A&R Review: Jenie Gao’s Claiming Space

Kaylee Pryble, Arts & Rec Editor

Jenie Gao is an artist and entrepreneur, specializing in large-scale projects like murals and public installations. Her work has been featured in galleries such as the Museum of Wisconsin Art and Museo de Arte Moderno in Castro, Chile.

Crossman Gallery is currently hosting Gao’s exhibit, “Claiming Space.” With art only along the back and side walls, the center of the gallery is wide open, allowing the art to be the main focus.

The left side of the gallery hosts sketch drawings, most in black ink against white paper. “Bleeding Heart,” a response to the Keystone Pipeline crisis, is one piece lining this wall. It featured both bright and dark inks symbolic of blood and oil.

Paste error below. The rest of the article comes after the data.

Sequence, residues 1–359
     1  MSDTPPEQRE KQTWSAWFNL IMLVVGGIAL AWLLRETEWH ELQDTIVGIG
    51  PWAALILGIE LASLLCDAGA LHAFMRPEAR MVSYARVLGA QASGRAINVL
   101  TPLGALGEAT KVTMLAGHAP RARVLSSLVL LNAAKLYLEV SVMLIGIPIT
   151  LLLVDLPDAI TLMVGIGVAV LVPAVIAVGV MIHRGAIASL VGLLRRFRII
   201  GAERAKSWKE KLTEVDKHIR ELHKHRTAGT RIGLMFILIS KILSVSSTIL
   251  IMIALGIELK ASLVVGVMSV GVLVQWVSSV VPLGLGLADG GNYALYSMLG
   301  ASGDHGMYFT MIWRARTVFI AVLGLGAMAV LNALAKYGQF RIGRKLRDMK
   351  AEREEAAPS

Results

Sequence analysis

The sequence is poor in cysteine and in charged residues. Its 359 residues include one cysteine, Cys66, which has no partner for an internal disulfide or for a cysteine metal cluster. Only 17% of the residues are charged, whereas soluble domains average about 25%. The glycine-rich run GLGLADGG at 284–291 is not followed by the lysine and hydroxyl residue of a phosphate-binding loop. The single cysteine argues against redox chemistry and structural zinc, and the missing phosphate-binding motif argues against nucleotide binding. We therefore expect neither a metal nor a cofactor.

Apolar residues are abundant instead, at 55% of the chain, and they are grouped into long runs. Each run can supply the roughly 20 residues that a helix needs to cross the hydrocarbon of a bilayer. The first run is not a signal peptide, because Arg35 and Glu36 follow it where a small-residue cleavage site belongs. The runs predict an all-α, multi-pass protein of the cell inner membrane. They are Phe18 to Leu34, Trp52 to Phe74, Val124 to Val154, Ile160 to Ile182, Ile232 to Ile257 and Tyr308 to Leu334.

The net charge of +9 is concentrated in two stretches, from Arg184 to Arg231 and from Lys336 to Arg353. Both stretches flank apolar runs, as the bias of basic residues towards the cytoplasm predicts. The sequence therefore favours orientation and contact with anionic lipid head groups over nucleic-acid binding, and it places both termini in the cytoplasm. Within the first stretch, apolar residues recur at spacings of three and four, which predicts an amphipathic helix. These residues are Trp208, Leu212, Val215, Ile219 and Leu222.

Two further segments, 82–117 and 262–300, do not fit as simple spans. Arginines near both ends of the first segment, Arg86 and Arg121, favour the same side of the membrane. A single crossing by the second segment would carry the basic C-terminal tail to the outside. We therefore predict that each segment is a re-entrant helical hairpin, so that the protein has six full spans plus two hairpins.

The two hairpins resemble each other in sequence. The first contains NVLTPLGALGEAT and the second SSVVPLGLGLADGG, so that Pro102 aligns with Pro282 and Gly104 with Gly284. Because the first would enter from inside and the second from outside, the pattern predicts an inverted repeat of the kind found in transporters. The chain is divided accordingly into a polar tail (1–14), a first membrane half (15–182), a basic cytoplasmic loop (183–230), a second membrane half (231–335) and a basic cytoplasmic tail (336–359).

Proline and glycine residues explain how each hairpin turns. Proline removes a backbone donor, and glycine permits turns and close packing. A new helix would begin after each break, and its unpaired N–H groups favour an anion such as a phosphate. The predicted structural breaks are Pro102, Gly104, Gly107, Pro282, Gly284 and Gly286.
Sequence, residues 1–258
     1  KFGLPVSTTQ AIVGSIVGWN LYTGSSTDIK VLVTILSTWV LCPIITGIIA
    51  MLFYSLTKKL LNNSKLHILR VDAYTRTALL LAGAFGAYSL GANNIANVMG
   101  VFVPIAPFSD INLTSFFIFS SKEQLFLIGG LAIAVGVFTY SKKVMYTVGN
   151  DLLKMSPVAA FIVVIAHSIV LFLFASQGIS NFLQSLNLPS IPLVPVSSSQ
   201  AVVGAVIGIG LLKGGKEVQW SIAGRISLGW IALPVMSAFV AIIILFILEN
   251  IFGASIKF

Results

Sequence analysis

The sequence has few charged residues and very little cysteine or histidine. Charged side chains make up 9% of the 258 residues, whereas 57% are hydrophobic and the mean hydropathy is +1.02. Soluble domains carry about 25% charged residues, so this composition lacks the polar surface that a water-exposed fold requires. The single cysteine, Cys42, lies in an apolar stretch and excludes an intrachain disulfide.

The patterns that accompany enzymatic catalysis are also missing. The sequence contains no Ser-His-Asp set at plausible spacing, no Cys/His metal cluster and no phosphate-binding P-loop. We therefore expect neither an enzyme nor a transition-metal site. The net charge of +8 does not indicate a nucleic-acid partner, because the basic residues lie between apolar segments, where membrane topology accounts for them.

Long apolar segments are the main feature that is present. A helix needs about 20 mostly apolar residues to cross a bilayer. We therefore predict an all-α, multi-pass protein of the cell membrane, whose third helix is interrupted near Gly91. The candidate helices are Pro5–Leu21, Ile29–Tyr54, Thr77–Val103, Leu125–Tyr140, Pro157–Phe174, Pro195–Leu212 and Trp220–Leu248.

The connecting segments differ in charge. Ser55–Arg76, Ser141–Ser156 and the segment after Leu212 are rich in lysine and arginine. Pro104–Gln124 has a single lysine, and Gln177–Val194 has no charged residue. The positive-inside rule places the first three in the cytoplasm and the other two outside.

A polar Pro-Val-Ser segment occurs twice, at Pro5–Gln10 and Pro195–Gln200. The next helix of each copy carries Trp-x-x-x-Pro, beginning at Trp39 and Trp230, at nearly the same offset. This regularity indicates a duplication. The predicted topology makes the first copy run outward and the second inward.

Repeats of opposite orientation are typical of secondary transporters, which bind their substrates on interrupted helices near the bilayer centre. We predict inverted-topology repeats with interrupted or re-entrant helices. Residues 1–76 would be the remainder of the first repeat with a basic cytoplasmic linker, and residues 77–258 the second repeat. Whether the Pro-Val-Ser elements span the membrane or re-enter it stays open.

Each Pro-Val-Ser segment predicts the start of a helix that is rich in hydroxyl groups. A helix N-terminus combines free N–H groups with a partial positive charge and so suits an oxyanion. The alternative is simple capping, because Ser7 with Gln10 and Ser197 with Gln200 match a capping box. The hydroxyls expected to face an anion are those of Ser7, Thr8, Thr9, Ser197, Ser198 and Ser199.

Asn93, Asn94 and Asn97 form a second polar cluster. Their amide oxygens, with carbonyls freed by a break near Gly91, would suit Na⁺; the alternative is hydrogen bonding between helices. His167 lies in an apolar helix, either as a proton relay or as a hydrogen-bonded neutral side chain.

The back wall features wood carvings, many of which show a figure with branches in place of a head and dogs with bullhorns instead of mouths. “Attention,” shows a figure with branches housing birds speaking with a headless figure. Ribbons of scraped wood sat underneath each carving, presumably from the creation of that carving itself.

The right wall featured two groupings of acrylic paintings, one series titled “Globe Weaver,” and the other “Feminist Allegories.” The pieces of “Globe Weaver” each feature a glass-globe spider, highlighted by the bright white of it’s web.

Two of the “Feminist Allegories” works featued those same branches as the carvings, while the last one, “Medusa was the only piece in the gallery to feature a face     Gao’s “Claiming Space” is a unique exhibit, honing in on the ideas of nature and what it truly means to be human.

“Claiming Space” will be in Crossman through Nov. 13. For more information or to see more of Gao’s work, visit jenie.org.